6. Beth says

    I’ve been batteling and eating disorder for about 15 years now and this year has been a year of learning to love my body and who God created me to be. I’m learning to let go of all the other things I turn to for approval. Thank you for this today. It was encouragement I needed in this journey. Sweet blessings to you.

  7. says

    Em… Beautiful… Self hatred robs a soul… What a blessing you are finding love for yourself at such a young age… He never tires of wooing our hearts to this space… For me…I was turning 50 when that last root of this was pulled…and yes… We only love others with the love we behold in Christ…in ourselves… Looking forward to having these conversations in person

  8. Sarah @ The Gospel at Home says

    Thank you, thank you for this. I struggle so much with my self-image. I’ve improved immensely over the years, when I was borderline anorexic at 17 because I wanted boys to love me, but I have seasons where I see something so ugly in the mirror I feel ashamed and think everyone is thinking how big I am {yes, I’m pregnant}. This was so encouragement and like honey to my soul.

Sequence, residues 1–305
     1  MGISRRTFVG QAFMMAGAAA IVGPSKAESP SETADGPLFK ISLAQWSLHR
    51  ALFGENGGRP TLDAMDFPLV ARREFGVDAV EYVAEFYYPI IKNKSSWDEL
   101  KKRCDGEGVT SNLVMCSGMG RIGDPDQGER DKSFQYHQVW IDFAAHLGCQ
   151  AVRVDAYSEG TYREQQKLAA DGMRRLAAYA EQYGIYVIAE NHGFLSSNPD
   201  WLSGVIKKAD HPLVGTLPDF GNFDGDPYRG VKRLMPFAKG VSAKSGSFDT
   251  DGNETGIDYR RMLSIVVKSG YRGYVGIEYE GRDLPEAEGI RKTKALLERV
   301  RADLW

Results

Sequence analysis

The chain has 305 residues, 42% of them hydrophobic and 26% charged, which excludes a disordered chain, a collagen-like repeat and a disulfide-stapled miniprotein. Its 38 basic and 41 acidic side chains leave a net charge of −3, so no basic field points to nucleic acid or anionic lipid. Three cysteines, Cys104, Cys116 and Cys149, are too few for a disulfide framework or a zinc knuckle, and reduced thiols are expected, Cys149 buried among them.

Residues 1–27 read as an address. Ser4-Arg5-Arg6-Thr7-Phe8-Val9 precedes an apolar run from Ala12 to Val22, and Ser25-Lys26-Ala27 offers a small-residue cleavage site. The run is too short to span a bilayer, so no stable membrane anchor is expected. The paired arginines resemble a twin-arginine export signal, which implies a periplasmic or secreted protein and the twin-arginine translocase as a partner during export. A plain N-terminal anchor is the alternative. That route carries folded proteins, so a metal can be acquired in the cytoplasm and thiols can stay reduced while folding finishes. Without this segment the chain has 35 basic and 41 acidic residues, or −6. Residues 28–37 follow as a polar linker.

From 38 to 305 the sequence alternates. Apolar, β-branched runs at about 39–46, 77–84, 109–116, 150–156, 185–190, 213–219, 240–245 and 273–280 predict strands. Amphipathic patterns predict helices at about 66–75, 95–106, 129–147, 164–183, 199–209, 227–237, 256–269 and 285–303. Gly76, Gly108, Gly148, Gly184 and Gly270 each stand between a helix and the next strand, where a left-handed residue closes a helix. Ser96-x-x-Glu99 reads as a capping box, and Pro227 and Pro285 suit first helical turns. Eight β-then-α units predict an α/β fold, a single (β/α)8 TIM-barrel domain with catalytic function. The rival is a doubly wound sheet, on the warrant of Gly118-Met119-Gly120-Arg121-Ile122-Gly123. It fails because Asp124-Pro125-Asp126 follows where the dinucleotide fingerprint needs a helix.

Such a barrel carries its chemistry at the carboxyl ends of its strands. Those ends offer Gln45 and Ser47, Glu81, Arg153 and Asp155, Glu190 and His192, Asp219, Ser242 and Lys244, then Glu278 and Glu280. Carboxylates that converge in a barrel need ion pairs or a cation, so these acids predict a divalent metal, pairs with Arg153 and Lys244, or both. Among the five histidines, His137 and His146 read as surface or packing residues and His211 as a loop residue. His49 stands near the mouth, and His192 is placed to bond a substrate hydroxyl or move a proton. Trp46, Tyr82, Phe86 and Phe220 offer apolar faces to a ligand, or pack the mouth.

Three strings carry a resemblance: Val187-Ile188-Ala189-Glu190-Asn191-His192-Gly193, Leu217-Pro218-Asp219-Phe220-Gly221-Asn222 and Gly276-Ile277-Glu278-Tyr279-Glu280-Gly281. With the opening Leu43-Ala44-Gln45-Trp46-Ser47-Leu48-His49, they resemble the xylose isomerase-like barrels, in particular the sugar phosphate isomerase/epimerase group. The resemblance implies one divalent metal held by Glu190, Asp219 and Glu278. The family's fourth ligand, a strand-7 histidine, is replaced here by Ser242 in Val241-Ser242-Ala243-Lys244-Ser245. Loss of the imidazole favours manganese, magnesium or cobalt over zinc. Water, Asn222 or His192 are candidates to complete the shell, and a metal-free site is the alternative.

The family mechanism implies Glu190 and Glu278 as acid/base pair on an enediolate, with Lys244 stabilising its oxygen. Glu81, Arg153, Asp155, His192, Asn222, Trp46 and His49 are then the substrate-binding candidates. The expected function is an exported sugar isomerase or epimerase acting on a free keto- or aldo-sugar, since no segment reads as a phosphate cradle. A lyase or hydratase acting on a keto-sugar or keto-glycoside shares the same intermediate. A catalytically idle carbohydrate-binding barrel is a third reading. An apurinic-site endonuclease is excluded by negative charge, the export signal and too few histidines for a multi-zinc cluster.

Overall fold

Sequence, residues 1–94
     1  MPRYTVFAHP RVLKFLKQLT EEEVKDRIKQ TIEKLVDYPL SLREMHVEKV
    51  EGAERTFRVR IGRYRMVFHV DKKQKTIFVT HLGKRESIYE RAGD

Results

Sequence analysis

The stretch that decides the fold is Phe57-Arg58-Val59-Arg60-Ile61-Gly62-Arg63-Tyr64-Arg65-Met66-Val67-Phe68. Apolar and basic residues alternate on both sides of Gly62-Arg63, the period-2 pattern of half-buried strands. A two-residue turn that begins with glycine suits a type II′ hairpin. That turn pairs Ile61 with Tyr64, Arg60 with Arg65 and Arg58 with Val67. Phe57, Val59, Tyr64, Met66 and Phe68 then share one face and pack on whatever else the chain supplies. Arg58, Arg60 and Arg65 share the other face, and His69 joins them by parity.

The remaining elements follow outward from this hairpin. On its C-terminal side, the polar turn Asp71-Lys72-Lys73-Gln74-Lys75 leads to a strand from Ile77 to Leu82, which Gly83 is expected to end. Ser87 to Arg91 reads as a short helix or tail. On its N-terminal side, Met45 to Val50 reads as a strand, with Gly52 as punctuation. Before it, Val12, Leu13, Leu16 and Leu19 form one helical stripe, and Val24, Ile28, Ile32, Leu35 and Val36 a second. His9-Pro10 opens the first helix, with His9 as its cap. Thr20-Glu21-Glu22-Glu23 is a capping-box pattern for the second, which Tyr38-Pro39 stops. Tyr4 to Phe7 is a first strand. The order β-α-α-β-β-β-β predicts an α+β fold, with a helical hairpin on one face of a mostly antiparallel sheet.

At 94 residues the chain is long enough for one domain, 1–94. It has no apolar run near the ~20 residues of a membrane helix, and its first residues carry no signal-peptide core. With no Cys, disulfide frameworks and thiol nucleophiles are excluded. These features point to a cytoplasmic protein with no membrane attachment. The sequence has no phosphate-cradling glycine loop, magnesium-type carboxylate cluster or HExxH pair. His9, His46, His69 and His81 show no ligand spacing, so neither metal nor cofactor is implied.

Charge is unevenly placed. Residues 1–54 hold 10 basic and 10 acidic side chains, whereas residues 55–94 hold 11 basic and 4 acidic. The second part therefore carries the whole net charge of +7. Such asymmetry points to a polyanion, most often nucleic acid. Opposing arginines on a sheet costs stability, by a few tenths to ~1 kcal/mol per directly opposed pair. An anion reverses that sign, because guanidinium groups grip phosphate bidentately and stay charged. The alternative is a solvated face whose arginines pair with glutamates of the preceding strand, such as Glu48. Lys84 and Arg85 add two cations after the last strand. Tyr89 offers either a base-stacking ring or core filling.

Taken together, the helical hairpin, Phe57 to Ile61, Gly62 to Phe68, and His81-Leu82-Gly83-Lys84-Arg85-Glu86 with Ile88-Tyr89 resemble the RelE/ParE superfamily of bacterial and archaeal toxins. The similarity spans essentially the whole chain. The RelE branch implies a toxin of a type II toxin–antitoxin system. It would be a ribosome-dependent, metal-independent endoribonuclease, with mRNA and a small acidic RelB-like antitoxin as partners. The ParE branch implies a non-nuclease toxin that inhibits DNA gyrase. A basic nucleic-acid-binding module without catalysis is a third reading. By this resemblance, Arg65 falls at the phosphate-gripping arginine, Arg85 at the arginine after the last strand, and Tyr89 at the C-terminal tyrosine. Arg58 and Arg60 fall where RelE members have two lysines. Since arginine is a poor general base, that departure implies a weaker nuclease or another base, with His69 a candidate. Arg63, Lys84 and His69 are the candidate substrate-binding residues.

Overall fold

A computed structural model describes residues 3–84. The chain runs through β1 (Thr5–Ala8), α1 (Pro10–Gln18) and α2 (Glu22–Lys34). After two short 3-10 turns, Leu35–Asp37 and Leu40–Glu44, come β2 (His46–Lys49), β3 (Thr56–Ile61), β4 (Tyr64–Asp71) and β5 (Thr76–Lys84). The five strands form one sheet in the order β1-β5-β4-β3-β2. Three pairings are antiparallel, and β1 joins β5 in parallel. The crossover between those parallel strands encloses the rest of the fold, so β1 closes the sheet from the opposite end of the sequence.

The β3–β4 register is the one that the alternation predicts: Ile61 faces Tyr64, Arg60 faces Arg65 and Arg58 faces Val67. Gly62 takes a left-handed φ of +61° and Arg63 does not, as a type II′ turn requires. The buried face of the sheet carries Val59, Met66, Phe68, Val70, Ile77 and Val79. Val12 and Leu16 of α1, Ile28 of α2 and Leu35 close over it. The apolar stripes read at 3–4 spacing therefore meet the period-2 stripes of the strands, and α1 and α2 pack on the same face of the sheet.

9. says

    Oh I love this Emily! Such a sweet, nourishing reminder. Thank you for being so honest and vulnerable with your journey- it’s freeing and liberating for all of us who read it!

  10. Amy Hunt says

    And this is the worship He wants. The sacrifice of self condemnation. The fasting of foolish judgement. The feeding and clothing of grace . . . to ourselves. Amen, sister.

  11. Kim says

    I am also a recovered anorexic. When I finally sought help my doctor told me that I would never fully realize how close to death I came. I had only been married for a few months and it was hard to find any help for anorexia from a Christian perspective. Twenty years and 4 kids later, I am finding there is a lot more encouragement for recovery that is Christ-centefed. I pray that other young ladies will not have to go through this struggle. Thank you for sharing your heart on this.